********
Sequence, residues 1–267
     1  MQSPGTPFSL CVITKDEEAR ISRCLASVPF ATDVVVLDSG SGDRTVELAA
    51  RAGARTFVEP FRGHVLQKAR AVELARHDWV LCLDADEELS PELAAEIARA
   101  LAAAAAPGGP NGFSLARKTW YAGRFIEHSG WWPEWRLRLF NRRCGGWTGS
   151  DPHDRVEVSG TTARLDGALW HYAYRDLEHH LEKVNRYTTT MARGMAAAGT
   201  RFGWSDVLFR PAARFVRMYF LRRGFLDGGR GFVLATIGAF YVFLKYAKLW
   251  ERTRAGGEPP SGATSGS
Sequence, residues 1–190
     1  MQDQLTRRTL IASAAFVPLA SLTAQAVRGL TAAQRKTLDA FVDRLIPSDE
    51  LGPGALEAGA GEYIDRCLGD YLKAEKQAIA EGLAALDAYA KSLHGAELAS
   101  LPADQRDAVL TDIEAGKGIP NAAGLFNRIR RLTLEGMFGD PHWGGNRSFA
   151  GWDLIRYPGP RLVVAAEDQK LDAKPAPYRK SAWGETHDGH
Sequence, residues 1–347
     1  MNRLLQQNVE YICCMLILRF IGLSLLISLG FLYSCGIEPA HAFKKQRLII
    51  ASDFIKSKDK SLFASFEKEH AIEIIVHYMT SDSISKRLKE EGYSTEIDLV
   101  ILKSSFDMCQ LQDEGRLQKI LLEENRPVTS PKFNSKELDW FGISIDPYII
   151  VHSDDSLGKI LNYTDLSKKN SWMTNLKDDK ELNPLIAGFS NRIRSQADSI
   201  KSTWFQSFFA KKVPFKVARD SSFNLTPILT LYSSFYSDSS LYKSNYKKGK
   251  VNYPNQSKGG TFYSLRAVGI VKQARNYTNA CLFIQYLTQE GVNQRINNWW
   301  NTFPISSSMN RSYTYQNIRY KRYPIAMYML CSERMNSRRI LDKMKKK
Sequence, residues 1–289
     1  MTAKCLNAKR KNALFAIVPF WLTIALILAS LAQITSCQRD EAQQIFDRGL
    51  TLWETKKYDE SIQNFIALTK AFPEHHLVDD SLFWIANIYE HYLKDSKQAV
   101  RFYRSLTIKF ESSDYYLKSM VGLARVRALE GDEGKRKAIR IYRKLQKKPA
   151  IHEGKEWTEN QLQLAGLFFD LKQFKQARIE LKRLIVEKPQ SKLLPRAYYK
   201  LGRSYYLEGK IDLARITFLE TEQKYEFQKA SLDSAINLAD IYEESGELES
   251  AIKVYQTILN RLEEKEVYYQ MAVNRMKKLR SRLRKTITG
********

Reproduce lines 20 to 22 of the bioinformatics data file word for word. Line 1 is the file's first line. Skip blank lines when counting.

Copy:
   301  NTFPISSSMN RSYTYQNIRY KRYPIAMYML CSERMNSRRI LDKMKKK
Sequence, residues 1–289
     1  MTAKCLNAKR KNALFAIVPF WLTIALILAS LAQITSCQRD EAQQIFDRGL